SURROUNDED, THE a novel by the Native American author D'Arcy McNickle, was first published in 1936 by Dodd, Mead of New York City and republished in 1978 by the University of New Mexico Press. The economically stressed nation of the 1930s may not have been as ready to consider the tragic losses of American Indian peoples as they would be in the 1970s, despite the reforms of John Collier, President Franklin D. Roosevelt's commissioner of Indian affairs, who crafted the Indian Reorganization Act of 1934, and the rave review of Oliver LaFarge, Pulitzer Prize–winning novelist. The Surrounded depicts the many ways in which law constrained American Indians: laws that established the reservation system during the nineteenth century; the law of the Catholic Church missions that took as their task educating Salish and other traditional tribal people out of their "savagery," and laws that prohibited the practice of Native religions. In the novel, the limitations imposed on the Salish-Spanish protagonist, Archilde, and his people lead to his demise after he becomes a fugitive in an effort to protect his mother from being prosecuted for killing a game warden. In his many professional roles—Bureau of Indian Affairs official, scholar, anthropologist, writer, and founder of national organizations—McNickle devoted his life to drawing attention to the ways in which tribal peoples were "surrounded."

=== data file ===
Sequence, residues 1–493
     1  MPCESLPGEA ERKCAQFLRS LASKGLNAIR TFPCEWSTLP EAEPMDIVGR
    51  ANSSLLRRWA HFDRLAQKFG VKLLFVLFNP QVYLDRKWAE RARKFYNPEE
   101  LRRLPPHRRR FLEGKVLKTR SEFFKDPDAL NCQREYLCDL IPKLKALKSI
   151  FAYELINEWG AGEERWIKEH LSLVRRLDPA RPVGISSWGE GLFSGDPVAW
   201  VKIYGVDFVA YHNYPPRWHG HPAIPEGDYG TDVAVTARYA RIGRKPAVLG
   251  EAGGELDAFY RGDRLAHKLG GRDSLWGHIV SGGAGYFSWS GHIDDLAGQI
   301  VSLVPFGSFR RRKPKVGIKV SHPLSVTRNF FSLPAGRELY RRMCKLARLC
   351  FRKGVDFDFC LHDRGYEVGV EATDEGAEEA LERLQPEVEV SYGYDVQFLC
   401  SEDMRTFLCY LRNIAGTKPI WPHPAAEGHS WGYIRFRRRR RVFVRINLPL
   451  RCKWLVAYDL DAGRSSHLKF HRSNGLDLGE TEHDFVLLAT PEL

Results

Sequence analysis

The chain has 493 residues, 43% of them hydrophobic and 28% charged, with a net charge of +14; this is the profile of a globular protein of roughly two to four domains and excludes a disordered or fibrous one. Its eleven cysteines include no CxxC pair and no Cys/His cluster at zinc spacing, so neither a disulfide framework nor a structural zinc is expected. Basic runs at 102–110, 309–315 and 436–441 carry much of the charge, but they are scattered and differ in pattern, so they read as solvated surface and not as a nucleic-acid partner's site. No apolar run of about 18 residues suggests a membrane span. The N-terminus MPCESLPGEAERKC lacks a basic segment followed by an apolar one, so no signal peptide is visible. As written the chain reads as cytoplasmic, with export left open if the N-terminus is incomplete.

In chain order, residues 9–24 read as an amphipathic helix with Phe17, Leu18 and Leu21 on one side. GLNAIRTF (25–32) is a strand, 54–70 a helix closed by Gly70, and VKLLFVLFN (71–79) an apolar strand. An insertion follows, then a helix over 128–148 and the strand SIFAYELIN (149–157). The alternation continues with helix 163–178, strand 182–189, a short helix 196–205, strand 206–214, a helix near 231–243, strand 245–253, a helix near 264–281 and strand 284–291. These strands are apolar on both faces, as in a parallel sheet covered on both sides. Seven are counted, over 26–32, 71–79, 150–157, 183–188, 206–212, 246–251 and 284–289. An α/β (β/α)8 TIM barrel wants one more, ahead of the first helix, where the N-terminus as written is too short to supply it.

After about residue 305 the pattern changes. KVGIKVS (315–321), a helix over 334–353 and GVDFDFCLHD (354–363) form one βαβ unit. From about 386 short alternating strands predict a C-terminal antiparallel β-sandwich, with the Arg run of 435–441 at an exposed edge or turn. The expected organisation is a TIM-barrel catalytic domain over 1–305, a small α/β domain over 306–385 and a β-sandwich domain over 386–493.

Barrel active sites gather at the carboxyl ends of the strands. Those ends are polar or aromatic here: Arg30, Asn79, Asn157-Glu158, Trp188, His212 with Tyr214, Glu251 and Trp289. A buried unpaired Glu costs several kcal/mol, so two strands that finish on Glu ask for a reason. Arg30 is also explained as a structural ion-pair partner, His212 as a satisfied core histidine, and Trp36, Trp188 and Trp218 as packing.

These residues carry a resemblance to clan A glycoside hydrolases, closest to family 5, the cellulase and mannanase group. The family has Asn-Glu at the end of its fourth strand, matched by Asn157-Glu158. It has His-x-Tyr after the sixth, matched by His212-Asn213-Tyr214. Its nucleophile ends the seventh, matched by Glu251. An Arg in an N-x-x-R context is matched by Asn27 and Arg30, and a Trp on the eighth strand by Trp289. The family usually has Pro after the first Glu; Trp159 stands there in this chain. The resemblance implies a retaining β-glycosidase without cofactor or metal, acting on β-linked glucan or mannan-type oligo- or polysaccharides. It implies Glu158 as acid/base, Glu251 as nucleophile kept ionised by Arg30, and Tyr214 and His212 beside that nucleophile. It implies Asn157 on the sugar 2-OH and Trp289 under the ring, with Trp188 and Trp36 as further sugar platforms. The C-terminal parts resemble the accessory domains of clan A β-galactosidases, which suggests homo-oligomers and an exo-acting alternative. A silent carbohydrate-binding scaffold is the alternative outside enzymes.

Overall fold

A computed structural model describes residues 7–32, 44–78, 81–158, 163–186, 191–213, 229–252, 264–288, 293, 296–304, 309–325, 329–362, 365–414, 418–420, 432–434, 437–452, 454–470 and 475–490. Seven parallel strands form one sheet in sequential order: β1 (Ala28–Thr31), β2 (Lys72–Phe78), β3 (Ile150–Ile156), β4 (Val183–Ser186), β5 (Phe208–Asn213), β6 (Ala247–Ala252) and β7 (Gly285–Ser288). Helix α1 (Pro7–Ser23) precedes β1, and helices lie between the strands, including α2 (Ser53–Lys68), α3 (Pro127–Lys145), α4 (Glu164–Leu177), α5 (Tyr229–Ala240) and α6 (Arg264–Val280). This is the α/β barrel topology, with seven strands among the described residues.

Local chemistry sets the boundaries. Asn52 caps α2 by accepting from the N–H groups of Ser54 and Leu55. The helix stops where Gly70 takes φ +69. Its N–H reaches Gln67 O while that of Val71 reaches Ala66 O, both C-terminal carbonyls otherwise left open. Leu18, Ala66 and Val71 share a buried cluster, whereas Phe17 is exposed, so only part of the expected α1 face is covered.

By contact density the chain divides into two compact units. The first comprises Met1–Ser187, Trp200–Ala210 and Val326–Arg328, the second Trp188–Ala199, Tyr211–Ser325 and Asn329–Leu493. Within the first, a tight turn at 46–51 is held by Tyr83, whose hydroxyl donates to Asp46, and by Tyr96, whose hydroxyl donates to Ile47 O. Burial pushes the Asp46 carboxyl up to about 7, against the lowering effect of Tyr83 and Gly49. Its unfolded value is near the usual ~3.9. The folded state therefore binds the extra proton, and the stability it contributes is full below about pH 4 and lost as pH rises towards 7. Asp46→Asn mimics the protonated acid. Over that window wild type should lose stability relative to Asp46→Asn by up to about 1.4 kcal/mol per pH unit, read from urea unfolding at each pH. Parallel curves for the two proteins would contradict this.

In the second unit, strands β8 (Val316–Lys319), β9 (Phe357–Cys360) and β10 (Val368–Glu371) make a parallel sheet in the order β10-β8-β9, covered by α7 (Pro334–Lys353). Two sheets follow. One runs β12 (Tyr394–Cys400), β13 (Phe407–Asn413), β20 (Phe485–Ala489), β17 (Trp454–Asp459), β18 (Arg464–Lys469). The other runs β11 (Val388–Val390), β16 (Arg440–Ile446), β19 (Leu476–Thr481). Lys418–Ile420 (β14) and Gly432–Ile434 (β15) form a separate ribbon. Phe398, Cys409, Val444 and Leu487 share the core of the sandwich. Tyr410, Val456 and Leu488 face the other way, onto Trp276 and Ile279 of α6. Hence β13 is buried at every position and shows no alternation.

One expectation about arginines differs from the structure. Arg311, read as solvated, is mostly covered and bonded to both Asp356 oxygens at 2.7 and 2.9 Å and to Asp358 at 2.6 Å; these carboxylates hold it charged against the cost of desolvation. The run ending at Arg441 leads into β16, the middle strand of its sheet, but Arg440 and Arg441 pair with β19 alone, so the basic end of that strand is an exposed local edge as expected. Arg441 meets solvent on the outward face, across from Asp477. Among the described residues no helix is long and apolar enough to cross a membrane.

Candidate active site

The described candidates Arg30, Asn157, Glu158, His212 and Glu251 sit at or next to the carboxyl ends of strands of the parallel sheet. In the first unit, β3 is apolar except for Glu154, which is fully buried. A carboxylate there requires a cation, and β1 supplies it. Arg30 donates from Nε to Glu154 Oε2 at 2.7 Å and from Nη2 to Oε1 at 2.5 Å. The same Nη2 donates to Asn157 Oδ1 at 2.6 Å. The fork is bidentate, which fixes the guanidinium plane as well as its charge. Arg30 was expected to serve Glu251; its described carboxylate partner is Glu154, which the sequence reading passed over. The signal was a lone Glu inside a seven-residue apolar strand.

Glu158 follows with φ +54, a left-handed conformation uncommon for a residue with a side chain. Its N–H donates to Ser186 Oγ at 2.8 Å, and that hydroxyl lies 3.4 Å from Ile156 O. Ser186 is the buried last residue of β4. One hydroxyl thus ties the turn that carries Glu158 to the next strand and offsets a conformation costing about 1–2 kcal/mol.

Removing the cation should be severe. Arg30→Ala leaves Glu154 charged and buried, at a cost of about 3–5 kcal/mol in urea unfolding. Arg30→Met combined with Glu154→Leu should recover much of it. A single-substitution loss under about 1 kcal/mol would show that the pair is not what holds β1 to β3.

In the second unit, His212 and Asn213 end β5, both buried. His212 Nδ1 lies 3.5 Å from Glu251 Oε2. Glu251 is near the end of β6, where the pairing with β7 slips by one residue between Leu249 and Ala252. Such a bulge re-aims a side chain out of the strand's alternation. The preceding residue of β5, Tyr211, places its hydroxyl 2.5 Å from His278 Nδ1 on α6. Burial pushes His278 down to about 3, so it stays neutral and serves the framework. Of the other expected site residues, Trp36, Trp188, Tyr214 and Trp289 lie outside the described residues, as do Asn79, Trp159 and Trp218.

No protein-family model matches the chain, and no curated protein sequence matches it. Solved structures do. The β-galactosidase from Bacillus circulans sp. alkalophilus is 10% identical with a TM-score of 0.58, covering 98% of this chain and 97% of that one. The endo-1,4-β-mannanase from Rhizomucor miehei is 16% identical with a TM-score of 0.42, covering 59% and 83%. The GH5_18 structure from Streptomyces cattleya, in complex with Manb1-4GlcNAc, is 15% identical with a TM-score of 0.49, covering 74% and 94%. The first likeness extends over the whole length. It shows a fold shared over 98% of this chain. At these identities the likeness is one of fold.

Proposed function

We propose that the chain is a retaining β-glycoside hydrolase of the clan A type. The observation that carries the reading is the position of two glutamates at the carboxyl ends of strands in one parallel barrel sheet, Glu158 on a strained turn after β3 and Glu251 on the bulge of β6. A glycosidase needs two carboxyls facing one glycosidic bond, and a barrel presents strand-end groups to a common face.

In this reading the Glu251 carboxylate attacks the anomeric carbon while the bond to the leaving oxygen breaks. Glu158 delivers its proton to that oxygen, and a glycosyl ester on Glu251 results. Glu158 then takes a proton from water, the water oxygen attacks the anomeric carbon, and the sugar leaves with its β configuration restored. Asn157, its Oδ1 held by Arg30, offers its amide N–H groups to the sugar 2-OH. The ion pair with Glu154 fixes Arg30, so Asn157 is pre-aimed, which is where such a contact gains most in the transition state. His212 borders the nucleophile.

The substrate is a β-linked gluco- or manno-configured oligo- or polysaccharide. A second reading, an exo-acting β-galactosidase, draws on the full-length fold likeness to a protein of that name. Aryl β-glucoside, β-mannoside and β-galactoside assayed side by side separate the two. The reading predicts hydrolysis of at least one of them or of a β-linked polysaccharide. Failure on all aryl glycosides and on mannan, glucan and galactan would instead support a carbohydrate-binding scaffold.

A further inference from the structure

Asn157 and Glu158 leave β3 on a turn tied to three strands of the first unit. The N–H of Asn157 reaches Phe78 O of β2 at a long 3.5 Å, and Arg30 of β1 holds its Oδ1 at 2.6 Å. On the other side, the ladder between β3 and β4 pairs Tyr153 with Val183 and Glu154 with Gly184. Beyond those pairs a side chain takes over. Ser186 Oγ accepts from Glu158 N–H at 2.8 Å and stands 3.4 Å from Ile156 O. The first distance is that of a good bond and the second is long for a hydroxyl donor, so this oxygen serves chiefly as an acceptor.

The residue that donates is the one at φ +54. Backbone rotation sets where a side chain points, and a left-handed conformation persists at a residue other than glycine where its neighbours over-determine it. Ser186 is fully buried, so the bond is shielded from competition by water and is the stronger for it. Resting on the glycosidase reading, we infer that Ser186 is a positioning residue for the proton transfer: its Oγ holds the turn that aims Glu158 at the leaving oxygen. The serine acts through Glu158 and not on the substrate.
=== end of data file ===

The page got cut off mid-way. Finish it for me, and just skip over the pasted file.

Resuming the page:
Parker, Dorothy R. Singing an Indian Song: A Biography of D'Arcy McNickle. Lincoln: University of Nebraska Press, 1992.
Purdy, John Lloyd. Word Ways: The Novels of D'Arcy McNickle. Tucson: University of Arizona Press, 1990.
Kathryn W. Shanley